Continued Hype for Semaglutide Rather than Weight Loss

Drug sales efforts and research efforts merge at the boundary. Big, flashy, confirming trials of hot new drugs with already proven effects are more readily funded for all of the obvious reasons, primarily that the expected good results will help to sell more drugs. The hot new drugs of the past few years are GLP-1 receptor agonists, the first well-backed pharmaceutical answer to the widespread prevalence of obesity and its harmful consequences to health and longevity. The beneficial effects of losing excess weight (and specifically excess visceral fat tissue) are broad and sizable. Those who sell GLP-1 receptor agonists such as semaglutide are the first to lay these benefits at the feet of their drugs instead of loss of weight. As an example, the publicity materials noted here make no mention of weight loss whatsoever.

The FLOW (Evaluate Renal Function with Semaglutide Once Weekly) study is a double-blind, randomised, placebo-controlled international trial comprising 3,533 patients, with a median follow-up period of 3.4 years. The trial was designed to assess the efficacy and safety of semaglutide, a once-weekly subcutaneous glucagon-like peptide 1 (GLP-1) receptor agonist, in preventing major kidney outcomes, specifically kidney failure, substantial loss of kidney function, and death from kidney or cardiovascular causes, in individuals with type 2 diabetes and chronic kidney disease. Patients either received semaglutide 1.0 mg once weekly or placebo.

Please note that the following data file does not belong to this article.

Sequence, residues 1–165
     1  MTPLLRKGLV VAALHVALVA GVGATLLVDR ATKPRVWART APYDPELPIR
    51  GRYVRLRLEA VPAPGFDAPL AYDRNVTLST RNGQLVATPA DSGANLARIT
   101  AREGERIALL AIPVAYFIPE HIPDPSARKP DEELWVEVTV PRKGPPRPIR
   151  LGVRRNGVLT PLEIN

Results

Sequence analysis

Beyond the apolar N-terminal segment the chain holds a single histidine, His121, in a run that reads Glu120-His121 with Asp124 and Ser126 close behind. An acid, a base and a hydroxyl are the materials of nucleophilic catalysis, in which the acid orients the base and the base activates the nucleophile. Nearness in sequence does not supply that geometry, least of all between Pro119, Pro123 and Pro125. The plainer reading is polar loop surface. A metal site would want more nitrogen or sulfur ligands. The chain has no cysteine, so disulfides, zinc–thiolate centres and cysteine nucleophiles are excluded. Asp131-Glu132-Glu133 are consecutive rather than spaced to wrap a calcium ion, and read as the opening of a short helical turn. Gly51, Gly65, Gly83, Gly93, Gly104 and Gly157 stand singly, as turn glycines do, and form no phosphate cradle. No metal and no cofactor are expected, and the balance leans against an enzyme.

Participants who received semaglutide had a 24% risk reduction for the composite primary endpoint, including kidney outcomes and death due to cardiovascular and kidney causes, compared to those who received placebo. This reduction risk was consistent across both kidney-specific and cardiovascular death outcomes. Secondary endpoints also showed significant improvements with semaglutide. Specifically, the total estimated glomerular filtration rate (eGFR) slope was 1.16 ml/min/1.73m2/year slower, the risk of major cardiovascular events was decreased by 18%, and the risk of all-cause mortality was reduced by 20%. This evidence of efficacy, combined with fewer serious adverse events in the semaglutide group, offers hope to millions of patients globally who face the daunting prospect of chronic kidney disease and type 2 diabetes, and their related complications.


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